With Democrats set to take control of the Senate and some of his plans to boost charity running into roadblocks, President Bush tried to calm foes of his plan to let religious groups help deliver $250 million in federal funding for social programs.
Bush, whose faith-based plan has been shelved indefinitely by its Senate backers, promised at a Catholic parish center in Cleveland to help “armies of compassion,” but vowed that government never would fund churches, Reuters reported May 24.
“Poverty runs deep in this country, and we need to take the war on poverty a step further, by recognizing the power and promise of faith-based and community-based groups, that exist not because of government, but because they’ve heard the universal call to love somebody in need,” he said.
“We’ll never fund faith, we’ll never fund churches, but we should fund armies of compassion,” he said. “We should not discriminate against faith-based programs which exist to help people in need.”
At the same time, estate-tax specialists don’t expect to see the total repeal of the estate tax proposed by Bush, The Wall Street Journal reported May 25.
The expected legislation would phase in relief slowly over the next 10 years, with full repeal not coming until 2011.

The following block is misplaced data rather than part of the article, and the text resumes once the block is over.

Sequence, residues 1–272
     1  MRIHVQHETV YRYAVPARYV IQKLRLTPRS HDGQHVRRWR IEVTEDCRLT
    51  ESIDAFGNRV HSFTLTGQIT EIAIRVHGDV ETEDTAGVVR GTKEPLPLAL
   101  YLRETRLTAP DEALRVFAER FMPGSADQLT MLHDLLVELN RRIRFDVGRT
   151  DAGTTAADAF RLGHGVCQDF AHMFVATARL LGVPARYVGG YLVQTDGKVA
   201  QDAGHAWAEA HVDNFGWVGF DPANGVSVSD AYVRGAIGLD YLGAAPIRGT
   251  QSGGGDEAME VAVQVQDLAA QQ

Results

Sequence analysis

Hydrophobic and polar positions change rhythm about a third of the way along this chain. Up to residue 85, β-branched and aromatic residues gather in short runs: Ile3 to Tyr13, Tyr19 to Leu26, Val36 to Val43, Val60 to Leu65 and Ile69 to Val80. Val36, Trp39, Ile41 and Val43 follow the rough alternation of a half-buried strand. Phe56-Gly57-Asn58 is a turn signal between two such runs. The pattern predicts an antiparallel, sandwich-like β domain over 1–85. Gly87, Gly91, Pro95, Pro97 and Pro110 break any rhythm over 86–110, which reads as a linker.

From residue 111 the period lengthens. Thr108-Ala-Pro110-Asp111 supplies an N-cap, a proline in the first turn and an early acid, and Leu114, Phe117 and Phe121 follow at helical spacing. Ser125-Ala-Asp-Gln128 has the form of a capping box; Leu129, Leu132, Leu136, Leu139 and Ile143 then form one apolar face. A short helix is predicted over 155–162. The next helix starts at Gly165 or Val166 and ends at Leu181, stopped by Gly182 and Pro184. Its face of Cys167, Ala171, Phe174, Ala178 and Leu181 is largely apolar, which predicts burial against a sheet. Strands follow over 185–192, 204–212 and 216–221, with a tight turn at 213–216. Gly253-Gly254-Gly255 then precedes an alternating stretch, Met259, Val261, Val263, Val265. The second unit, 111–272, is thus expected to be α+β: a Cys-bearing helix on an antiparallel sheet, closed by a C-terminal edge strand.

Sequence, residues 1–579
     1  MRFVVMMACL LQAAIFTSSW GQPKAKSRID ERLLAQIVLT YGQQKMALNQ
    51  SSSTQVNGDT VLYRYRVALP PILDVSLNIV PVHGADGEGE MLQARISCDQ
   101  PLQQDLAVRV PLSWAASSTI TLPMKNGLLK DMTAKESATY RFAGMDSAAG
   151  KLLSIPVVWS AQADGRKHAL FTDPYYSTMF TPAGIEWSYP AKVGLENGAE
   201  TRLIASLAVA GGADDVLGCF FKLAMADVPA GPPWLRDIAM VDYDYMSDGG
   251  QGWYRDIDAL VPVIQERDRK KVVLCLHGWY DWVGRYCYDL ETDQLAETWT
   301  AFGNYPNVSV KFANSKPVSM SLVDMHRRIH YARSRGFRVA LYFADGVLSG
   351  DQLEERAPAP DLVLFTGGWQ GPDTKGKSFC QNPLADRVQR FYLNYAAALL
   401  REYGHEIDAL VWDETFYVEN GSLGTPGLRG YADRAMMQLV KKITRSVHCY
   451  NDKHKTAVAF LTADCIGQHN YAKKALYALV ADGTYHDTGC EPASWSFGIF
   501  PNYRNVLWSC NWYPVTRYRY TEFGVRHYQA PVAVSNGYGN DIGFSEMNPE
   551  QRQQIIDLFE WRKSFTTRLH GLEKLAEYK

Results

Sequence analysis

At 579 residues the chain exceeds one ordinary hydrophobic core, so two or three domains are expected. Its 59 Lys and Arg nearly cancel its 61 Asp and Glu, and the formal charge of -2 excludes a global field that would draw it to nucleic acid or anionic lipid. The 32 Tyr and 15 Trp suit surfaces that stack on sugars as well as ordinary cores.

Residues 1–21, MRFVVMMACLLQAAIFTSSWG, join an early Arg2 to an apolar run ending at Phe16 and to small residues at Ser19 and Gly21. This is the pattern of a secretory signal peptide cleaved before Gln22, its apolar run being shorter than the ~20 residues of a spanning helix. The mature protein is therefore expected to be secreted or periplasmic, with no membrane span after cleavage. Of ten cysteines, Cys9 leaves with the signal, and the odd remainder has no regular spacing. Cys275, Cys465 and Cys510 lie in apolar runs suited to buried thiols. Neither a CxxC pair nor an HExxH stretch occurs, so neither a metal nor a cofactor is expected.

“The legislation would have to survive five Congresses and possibly as many as three president,” Sanford J. Schlesinger, a partner at Kaye Scholer in New York told the Journal.
A key provision of tax legislation being hammered out by lawmakers likely will give a big boost to the basic estate-tax exclusion and also cut the top tax rate, but not until next year, the Journal said.
Many estate planners expect the basic exclusion, now $675,000, to increase to $1 million next year, four years sooner than under current law – so the first $1 million of an estate left to anyone other than a spouse would be exempt from taxation, the Journal said. There’s generally no limit on the amount that spouses can inherit free of estate tax.
For full story on Bush speech, go to Northern Light.